Tuesday, December 22, 2009

Remind me again...

What I'm trying to accomplish. A commenter points out an interesting development touched on by my earlier post.
Your friend Ron Swanson wants you to know about the story, 'Life Cycle Budgets: The Next Step in Accounting', on the Farm Futures site. You can get to the story by clicking here or typing http://www.farmfutures.com/story.aspx?s=33813&c=18 into your web browser.

Here is what Ron Swanson has to say about the story 'Life Cycle Budgets: The Next Step in Accounting' on the Farm Futures site:
John FYI - since this seems to be the topic of the day. Ron

The article linked is of importance to farmers right now, but it continues some introspection mentioned before. Not only that, Ron, but it directly ties into a book I have plodding though:

An introduction to econometrics may not seem like the stuff that would keep listeners riveted—much less awake—during a long car ride, but Ayres's provocative audio does just that. Ever wonder how an airline decides to lower its prices? Or why businesses have preferred shopper cards? The answer is data, gigabytes upon terabytes of data. Companies are increasingly relying on data and number-crunching statisticians to make decisions, like how much money they can extract from consumers while still retaining their loyalty. Ayres's exploration of super crunching and its influence makes up the bulk of the audio, but listeners needn't navigate a sea of numbers. The discussion is illustrated by eye-opening examples such as how Continental Airlines took customer service to a new, personalized level and how Mexico instituted an innovative pay-for-performance parenting program. The final chapter on standard deviations may have some longing for the printed page or a PDF file with a graph or two, but overall, Lurie's mellow reading will make listeners firm believers in Ayres's refrain: in a super crunching world, consumers can't afford to be asleep at the wheel. [More]

To be fair, I'm not quite finished, but I already suspect this approach to be shaken by the quant meltdown on Wall Street.  Faith in computer-modeling at all levels (even ours) has been shaken by both the obvious economic prediction failure and the vitriolic climate change debate.  From what I have read, ag isn't easily amenable to randomized testing either, one of the author's key tenets.

In fact, as assertions of non-linear, even random brain processes inherent in our decision making are revealed (more later), I place less emphasis on my lovingly constructed budgets than I do maintaining the correct mental orientation to choose alternate courses in the heat of battle.

As one example, I now suspect when I make decisions, and what happened just before have crucial - even controlling - influence compared to the most intricate and logical analysis. Now add in the growing uneasiness in farming minds that all our thoughtful calculations can be swept aside by a hedge fund rumor.

Looking at my figures, my farm operation has been kept afloat and battered in large part by macroeconomic trends that were buried in the assumptions for cost analyses.  One in particular is the tide of land prices.  While accounting standards would encourage us to discount that effect because it can override unprofitable economic decisions, the truth is guys who rode the wave have overtaken cautious and meticulous allocators of where wealth is generated.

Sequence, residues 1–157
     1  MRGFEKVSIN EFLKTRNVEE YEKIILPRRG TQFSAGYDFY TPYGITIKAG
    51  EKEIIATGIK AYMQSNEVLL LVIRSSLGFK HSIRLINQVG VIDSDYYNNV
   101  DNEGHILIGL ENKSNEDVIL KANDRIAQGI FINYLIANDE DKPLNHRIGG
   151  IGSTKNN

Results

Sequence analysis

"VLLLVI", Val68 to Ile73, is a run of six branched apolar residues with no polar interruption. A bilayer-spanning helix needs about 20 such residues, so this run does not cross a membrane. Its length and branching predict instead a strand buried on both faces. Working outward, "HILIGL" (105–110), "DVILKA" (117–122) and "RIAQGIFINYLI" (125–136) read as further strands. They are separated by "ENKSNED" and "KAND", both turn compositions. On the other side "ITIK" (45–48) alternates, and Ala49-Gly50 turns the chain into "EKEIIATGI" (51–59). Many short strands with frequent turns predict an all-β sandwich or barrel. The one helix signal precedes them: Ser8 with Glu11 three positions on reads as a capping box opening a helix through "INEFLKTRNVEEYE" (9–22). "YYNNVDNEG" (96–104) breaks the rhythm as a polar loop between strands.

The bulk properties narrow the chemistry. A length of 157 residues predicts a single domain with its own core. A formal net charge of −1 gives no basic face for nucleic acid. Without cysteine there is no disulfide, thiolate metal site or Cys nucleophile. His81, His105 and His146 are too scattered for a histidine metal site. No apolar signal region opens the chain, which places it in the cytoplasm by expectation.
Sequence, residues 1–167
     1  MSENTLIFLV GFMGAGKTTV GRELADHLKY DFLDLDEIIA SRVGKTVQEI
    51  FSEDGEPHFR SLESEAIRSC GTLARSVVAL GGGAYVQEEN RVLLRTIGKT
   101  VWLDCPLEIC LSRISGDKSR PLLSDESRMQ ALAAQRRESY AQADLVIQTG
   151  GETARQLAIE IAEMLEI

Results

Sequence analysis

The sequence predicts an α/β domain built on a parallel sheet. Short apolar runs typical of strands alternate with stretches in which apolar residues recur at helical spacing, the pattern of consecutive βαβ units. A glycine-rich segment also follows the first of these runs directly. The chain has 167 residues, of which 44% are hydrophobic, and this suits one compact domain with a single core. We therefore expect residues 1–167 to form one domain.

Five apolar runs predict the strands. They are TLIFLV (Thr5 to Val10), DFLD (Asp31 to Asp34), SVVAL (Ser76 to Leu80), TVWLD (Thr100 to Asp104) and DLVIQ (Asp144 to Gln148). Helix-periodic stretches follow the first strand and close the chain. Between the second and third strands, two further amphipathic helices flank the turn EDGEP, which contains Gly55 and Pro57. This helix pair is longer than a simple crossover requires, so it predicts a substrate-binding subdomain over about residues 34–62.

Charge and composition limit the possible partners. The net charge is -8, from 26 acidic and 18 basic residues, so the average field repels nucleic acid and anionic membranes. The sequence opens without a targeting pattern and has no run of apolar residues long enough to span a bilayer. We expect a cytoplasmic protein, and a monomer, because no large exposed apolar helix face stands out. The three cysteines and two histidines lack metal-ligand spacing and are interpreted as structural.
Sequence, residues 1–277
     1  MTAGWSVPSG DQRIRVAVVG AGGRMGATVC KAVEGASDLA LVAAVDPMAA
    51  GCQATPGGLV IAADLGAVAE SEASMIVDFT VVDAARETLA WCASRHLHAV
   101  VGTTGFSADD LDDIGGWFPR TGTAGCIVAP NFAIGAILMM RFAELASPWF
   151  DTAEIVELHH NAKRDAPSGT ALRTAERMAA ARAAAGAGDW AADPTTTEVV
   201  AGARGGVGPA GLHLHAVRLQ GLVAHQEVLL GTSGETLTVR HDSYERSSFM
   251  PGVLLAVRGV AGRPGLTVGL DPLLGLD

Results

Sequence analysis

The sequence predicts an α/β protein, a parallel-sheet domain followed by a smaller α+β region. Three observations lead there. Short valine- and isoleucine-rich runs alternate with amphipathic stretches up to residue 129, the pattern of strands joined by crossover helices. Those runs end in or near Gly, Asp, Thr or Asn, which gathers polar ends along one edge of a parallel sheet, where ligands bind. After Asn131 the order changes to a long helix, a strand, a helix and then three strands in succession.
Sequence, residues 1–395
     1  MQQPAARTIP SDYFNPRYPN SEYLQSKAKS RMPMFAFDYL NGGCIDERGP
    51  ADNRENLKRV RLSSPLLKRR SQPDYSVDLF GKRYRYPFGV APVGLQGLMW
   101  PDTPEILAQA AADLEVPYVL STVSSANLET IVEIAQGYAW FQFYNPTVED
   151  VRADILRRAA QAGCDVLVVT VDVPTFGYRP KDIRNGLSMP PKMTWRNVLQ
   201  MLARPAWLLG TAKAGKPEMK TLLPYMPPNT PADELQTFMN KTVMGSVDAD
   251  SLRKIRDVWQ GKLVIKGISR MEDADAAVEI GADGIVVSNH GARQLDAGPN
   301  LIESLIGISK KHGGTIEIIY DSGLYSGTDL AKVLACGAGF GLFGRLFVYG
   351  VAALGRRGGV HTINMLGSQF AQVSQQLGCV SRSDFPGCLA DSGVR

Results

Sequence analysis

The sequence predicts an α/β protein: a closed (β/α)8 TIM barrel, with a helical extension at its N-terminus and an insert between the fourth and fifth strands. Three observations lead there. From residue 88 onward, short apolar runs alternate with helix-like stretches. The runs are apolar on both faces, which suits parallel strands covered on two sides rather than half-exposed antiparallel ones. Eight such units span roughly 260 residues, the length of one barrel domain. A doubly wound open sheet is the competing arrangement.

This is a second macro trend our economic decisions must take into account: we are in a zero-sum game in grain farming. Furthermore this boundary is hardened by our immobility.  You don't normally give up on 200-year farms for one far away regardless of the economic benefit. 

Long story slightly shorter: budgets/cash flows will be helpful exercises for securing necessary borrowed capital, but of little predictive use (IMHO).  The form and scope of these devices will be set by the whims of the regulators for the lenders. (Hint: always ask your loan officer what the Comptroller is looking at this year). 

Far better, I think, to have a firm understanding of your internal economic compass and some idea of where happiness comes from. One way I try to remind myself is our Mission (Impossible) Statement:
  • Farm well. Farm close.  Be the competition in our township.
  • Own the land. Unite the land. Improve the land.
  • Be the neighbor you want next to you. Bear more than your share of community load.
  • Plant trees in the shade of which you will never rest.
  • Avoid working at night.
When years like 2009 detonate in your face, it helps to remember which way is up.  Calculating the exact degree of catastrophe is of lesser value.

1 comment:

Anonymous said...

I have felt for years that cash flow predictions and the like were relatively useless. I do not have the ability to look into my crystal ball and predict the future. I even got disgusted enough with the whole excercise that I told the lender I would no longer do it. If he wanted to have one he could make it up out of thin air, as it would have as much validity as the one I was "imagining". Market volitility, weather, etc. render such "predictions" useless, and an excercise in futility. He must want to keep me for a customer, because he didn't whine, complain, or want it his way. You can tell he's not a farmer.